Iceland gear and packing

For my own reference, here is the overwhelming amount of gear I packed for my Iceland tour, and how I arranged it.

This is what everything looks like packed onto the bike:

Here are the bags without the bicycle:

In the back: Two Ortlieb sport packer plus bags, each with an add-on net pocket and an add-on large roll-top pocket.

In the middle: Two ortlieb recumbent bags. The one on the left has three net bags attached to its underside in a row. The one on the right has a net bag, and then two small roll-top bags attached below, since it hangs over the drivetrain of the bike.

In the foreground: A Kelty Redwing backpack. On the loaded bike, this is placed sideways on top of the recumbent bags, where it fits nicely behind the seat, and is held down with two bungee cords.

This is all the gear that’s held in the Kelty backpack and the recumbent bags, or in the add-on bags attached to the recumbent bags.

The sleeping bag, with an inflatable insert and an extra liner included, is kept inside the large cotton sack which is then stuffed into the right-side recumbent bag and takes up all the space. The blue bag of rain gear goes into the net bag on that side, along with the raincoat, and the small add-on bags that hang over the drivetrain carry the bicycle lock and the drone.

The recumbent bag on the left side of the bike carries the tent, the stakes, and the pump. Suspended in the net bags beneath it are the blue sack with hiking shoes inside, and the red sack with pants, swimsuit, and other off-bike clothing. The net bag on the rear carries the big wool sweater. The yellow sack of sleeping gear and the other bags go into the backpack.

All this stuff goes into the sport packer bags, along with the laptop and the camera which are not pictured.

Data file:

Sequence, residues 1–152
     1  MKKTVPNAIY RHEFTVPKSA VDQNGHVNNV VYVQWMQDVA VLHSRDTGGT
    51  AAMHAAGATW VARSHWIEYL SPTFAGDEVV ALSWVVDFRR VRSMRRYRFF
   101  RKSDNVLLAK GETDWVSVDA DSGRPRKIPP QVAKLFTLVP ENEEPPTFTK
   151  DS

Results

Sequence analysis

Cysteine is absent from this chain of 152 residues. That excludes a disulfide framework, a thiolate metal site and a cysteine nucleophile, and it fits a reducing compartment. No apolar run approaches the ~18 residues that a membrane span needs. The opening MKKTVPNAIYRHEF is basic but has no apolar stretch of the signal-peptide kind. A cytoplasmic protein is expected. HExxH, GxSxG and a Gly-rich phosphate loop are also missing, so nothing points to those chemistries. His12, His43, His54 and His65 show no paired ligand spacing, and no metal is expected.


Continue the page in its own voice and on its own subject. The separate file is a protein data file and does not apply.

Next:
This is the charging gear for both the drone and the laptop, with a Y-connector so that they can both be run from one power cord with one international adapter. Between the two charging bricks, six USB devices can be charged at the same time.

These are the portable speakers, adapted to attach to the handlebars of the bike. There’s also an old iPod mini in here, for playing bedtime music. An iPod shuffle is not suitable for this purpose since it has no ability to stop playing! It will always repeat the current playlist forever or until it runs out of power! How silly. Not that it matters, since all iPods have been discontinued and will soon die out, and we will all be locked into digital subscription services and completely abandon the whole idea of controlling what we listen to without it being mediated from one minute to the next by a jealous corporate overlord in the sky.

This is a kit of spare music hardware. None of it is essential; it’s just here to give me options, or in case something breaks. Spare headphones, a spare microphone wire, airpods, a bluetooth transmitter, et cetera.

These are camera accessories. A macro attachment (not very useful but very lightweight, so might as well bring it), a wireless camera control that pairs with an iPhone app, an external IR focus-assist lamp, a tripod collar, and a smaller tripod for the iPhone.

Camera and drone charging stuff, plus an extra cable.

Lens and laptop cleaning cloths, plus a set of spare blades for the drone.

A collection of media cards, holding music, audiobooks, photo archives, and other stuff that’s non-essential and can be deleted as necessary to make room for photos. All formated APFS with encryption on, for the heck of it.

Micro-USB charging cables, a camera card reader, an add-on hub for the laptop, and various small adapters to extend the utility of the micro-USB cables.

A boom microphone for calling up friends and for video conferencing in strange places. The strangest place I’ve used this so far is by the side of the road next to a geothermal power plant in the middle of Iceland. The boom snaps into place on the side of my headphones, using a small stick-on magnet. It works with the laptop and the iPhone lightning adapter, and it sounds far better than anything else I’ve tried.

The travel toolkit. This is kept in the bag under the seat, along with a small tire pump and an emergency spoke repair wire.

The kit contains everything I need to disassemble the bike and put it back together, including removing the pedals and seat. I can repair chain, fix a flat, replace broken cables, patch wires, adjust brakes and shifters, and also prepare food and trim my nails and mustache. Each of these tools has had a lot of thought put into it.

The rest of the space on the bike is occupied by myself, two large water sacks, and whatever food I happen to be carrying at the time.

One Response to Iceland gear and packing

  1. Pingback: » Iceland retrospective Mile42

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